Scientists Issue Starkest Warning Yet With 5th IPPC Report on Earth's Climate

Search form

Scientists Issue Starkest Warning Yet With 5th IPPC Report on Earth's Climate

Scientists Issue Starkest Warning Yet With 5th IPPC Report on Earth's Climate
Mon, 9/23/2013 - by Robin McKie
This article originally appeared on The Guardian

Scientists will this week issue their starkest warning yet about the mounting dangers of global warming. In a report to be handed to political leaders in Stockholm on Monday, they will say that the burning of fossil fuels and deforestation have now led to a warming of the entire globe, including land surfaces, oceans and the atmosphere.

Extreme weather events, including heatwaves and storms, have increased in many regions while ice sheets are dwindling at an alarming rate. In addition, sea levels are rising while the oceans are being acidified – a development that could see the planet's coral reefs disappearing before the end of the century.

Writing in the Observer ahead of the report's release, the economist and climate change expert Lord Stern calls on governments to end their dithering about fossil fuels and start working to create a global low-carbon economy to curtail global warming. Governments, he states, must decide what "kind of world we want to present to our children and grandchildren".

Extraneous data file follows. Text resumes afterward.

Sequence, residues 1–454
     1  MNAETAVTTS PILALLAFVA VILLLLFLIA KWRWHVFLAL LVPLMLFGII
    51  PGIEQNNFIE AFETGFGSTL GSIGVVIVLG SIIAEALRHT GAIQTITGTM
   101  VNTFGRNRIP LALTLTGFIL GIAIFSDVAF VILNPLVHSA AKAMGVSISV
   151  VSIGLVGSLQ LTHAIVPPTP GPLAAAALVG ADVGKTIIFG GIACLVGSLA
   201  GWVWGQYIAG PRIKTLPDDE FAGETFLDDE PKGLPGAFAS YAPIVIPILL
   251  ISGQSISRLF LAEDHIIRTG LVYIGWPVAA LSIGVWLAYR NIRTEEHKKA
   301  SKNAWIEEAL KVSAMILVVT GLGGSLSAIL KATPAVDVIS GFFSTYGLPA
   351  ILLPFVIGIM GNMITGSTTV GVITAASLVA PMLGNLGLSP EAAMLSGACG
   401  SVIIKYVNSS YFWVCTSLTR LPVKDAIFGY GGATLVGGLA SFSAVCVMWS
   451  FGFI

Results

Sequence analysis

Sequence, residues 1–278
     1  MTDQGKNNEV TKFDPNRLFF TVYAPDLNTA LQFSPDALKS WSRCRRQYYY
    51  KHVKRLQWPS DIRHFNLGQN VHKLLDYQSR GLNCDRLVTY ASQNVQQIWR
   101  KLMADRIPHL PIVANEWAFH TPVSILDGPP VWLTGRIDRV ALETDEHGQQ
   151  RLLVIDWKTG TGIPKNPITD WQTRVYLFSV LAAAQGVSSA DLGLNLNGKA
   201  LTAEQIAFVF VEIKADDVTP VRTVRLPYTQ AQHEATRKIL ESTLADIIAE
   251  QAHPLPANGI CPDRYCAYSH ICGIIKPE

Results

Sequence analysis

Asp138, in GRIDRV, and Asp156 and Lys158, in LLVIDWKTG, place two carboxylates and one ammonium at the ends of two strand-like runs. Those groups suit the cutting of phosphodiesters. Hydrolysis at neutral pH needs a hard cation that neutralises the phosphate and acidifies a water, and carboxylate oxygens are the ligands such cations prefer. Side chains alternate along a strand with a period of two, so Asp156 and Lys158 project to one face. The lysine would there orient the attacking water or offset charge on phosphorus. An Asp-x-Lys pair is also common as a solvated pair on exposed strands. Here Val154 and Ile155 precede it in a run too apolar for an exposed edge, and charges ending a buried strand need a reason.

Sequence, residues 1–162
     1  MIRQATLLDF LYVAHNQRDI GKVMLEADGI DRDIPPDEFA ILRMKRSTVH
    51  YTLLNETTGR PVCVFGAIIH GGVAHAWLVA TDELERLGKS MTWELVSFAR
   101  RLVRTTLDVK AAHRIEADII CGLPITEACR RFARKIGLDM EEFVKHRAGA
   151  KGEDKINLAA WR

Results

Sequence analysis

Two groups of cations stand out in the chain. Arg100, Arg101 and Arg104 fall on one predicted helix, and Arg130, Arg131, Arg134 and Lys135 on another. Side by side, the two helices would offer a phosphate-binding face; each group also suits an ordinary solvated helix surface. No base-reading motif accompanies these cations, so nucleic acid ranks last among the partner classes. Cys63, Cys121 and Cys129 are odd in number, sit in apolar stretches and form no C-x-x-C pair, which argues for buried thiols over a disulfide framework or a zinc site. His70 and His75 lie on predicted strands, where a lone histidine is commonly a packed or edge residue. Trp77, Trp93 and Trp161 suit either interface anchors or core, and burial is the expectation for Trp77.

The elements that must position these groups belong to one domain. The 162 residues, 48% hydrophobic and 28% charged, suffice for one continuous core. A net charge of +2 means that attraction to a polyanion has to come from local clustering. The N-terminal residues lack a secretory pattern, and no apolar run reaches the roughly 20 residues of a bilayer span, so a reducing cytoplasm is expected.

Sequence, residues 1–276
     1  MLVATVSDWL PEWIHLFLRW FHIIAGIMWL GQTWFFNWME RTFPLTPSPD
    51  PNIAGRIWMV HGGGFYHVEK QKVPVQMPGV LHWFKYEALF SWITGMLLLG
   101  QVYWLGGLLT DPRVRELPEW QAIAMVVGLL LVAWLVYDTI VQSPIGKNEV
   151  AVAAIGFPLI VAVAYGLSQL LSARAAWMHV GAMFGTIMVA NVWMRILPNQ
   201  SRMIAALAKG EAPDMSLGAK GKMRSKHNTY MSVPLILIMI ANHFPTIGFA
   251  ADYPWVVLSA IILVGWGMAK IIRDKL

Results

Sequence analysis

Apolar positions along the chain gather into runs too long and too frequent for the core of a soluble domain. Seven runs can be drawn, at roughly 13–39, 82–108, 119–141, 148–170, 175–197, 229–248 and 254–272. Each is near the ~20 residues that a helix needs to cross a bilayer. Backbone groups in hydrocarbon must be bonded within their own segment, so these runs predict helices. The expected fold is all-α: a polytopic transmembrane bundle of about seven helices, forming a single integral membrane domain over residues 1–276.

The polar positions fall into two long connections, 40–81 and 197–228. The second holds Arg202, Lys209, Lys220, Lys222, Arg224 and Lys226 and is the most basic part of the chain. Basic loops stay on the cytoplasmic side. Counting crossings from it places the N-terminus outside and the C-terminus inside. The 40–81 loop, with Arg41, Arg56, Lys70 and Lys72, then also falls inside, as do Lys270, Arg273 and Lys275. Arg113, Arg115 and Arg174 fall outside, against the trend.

The fifth assessment report on the physical science of climate change by the Intergovernmental Panel on Climate Change (IPCC) warns that humanity is on course over the next few decades to raise global temperatures by more than 2C compared with pre-industrial levels. Such a rise could trigger the release of plumes of the greenhouse gas methane from the thawing Arctic tundra, while the polar ice caps, which reflect solar radiation back into space, could disappear.

Although the report does not say so, Earth would probably then be facing a runaway greenhouse effect.

The scientists' warning – the most comprehensive and convincing yet produced by climate scientists – comes at a time when growing numbers of people are doubting the reality of global warming. Last week, the UK Energy Research Centre (UKERC) published a survey showing that the proportion of British people who do not think the world's climate is changing has almost quadrupled since 2005.

Asked if they thought Earth's climate was changing, 5% of respondents said "no" in 2005, a figure that rose to 11% last year and reached 19% this year.

But as the IPCC report underlines, scientists are becoming more and more certain that climate change poses a real danger to the planet.